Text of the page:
why does the top of my ear hurt
Occipital neuralgia is a distinct type of headache characterized by piercing, throbbing, or electric-shock-like chronic pain in the upper neck, back of the head, and behind the ears, usually on one side of the head. P Typically, the pain of occipital neuralgia begins in the neck and then spreads upwards. P Some individuals will also experience pain in the scalp, forehead, and behind the eyes. P Their scalp may also be tender to the touch, and their eyes especially sensitive to light. P The location of pain is related to the areas supplied by the greater and lesser occipital nerves, which run from the area where the spinal column meets the neck, up to the scalp at the back of the head.
P The pain is caused by irritation or injury to the nerves, which can be the result of trauma to the back of the head, pinching of the nerves by overly tight neck muscles, compression of the nerve as it leaves the spine due to osteoarthritis, or tumors or other types of lesions in the neck. P Localized inflammation or infection, gout, diabetes, blood vessel inflammation (vasculitis), and frequent lengthy periods of keeping the head in a downward and forward position are also associated with occipital neuralgia.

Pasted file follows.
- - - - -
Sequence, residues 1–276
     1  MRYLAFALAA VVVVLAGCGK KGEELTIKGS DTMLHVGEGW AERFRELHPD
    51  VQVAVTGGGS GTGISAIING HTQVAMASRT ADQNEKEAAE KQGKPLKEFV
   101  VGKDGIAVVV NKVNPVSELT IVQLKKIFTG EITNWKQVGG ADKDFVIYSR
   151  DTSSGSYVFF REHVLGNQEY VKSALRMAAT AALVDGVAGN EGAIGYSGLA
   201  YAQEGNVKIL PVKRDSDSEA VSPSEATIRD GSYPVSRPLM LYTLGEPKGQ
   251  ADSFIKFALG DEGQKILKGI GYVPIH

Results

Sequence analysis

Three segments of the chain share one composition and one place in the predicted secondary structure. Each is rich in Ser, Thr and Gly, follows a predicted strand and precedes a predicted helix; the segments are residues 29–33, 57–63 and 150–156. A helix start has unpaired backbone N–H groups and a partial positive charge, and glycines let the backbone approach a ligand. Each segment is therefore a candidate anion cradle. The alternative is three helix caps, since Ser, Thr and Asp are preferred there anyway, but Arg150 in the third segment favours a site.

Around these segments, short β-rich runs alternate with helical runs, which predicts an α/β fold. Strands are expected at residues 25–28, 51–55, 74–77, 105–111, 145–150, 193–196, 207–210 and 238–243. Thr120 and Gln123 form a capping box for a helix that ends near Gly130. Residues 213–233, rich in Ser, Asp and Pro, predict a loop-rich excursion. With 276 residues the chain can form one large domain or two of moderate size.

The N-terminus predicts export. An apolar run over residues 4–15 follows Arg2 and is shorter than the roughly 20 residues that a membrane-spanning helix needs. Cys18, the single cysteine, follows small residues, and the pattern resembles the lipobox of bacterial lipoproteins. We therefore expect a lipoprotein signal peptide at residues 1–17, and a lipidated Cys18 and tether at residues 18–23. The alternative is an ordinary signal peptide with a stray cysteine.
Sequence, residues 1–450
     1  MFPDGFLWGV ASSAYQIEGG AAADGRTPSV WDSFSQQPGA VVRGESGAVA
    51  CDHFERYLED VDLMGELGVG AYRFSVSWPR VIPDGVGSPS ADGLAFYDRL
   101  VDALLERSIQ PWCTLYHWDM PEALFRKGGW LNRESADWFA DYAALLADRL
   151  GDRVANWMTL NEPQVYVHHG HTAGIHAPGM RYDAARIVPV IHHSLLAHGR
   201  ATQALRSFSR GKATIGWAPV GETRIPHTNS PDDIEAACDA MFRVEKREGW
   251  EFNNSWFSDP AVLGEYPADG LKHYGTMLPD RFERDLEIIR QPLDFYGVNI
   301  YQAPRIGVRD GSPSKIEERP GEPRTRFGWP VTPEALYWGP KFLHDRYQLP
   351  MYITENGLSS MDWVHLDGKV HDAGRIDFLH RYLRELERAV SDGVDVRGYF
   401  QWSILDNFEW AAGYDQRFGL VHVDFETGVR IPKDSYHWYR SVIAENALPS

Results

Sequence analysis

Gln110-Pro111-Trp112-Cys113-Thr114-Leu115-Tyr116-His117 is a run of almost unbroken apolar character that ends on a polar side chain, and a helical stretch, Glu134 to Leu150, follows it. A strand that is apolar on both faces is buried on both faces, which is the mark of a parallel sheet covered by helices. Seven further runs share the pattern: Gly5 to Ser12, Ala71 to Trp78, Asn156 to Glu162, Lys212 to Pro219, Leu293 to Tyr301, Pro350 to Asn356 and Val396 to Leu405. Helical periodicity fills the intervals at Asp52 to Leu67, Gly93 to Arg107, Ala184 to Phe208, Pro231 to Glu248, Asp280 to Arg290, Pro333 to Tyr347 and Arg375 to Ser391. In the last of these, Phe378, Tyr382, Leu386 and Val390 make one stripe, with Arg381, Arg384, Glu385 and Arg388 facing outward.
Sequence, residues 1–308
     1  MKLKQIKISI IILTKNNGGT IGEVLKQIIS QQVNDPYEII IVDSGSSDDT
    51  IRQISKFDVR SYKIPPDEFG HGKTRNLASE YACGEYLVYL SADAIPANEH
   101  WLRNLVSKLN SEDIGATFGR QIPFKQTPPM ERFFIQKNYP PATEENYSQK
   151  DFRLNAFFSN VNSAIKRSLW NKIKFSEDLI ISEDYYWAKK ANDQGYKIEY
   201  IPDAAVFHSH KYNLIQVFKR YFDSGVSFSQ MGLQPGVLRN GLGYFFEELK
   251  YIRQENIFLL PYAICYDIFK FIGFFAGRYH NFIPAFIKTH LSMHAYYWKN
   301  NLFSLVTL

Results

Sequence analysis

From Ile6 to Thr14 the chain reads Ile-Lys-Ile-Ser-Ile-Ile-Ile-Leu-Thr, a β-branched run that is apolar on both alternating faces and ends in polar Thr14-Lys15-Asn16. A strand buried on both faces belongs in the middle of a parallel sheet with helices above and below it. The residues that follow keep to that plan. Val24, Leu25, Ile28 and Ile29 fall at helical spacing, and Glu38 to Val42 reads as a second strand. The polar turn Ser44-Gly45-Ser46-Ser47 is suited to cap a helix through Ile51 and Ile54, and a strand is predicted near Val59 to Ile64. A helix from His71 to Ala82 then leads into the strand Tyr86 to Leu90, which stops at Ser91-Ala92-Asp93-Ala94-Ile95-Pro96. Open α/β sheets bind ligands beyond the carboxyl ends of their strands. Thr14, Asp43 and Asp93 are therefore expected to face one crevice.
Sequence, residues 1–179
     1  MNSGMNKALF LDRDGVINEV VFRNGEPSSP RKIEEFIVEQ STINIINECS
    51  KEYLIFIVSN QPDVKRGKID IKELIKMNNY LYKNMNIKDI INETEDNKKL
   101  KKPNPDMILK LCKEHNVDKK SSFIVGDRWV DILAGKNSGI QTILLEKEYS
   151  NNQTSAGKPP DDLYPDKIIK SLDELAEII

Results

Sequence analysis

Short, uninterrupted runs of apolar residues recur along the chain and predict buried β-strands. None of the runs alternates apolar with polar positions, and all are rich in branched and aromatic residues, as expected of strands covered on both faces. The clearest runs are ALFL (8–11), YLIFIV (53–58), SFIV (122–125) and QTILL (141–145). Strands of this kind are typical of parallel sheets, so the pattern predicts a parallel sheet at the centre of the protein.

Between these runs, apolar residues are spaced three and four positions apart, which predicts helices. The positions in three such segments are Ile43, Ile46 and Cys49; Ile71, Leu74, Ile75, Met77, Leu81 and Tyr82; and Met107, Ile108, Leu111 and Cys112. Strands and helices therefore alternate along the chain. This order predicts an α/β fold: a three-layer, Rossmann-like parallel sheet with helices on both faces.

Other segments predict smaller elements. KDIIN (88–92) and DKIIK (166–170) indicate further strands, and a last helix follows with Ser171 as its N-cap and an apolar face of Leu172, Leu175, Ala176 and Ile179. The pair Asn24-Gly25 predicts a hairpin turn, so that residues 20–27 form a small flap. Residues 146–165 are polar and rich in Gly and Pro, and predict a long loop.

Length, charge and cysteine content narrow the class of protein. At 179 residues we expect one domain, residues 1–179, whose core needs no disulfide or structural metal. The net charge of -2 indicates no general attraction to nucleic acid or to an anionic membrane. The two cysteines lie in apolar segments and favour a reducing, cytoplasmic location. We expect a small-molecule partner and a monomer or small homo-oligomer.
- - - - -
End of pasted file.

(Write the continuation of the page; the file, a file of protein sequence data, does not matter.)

P In many cases, however, no cause can be found. P A positive response (relief from pain) after an anesthetic nerve block will confirm the diagnosis.
in children are common. They can be caused by fluid behind the eardrum, an, or an infection in the ear canal (also known as ). Kids under 5 years old are at risk for ear infections, especially after upper respiratory infections. ear pain (especially when chewing, sucking, or lying down) Call the doctor to have your child's checked. Give or as needed to relieve pain (check instructions carefully for correct amount).
If an antibiotic is prescribed, make sure your child finishes all of the medicine as instructed. Think Prevention! Make sure your kids get the and the, which may reduce their odds of getting middle ear infections. Do not with cotton swabs or sharp objects. Avoid and anyone with a cold (both can increase the likelihood of ear infections). Make sure kids get in the habit of, especially after playing around other kids. Don't give a bottle when your baby is lying down. Ask the doctor if earplugs and alcohol ear drops are a good idea for a child who swims a lot.
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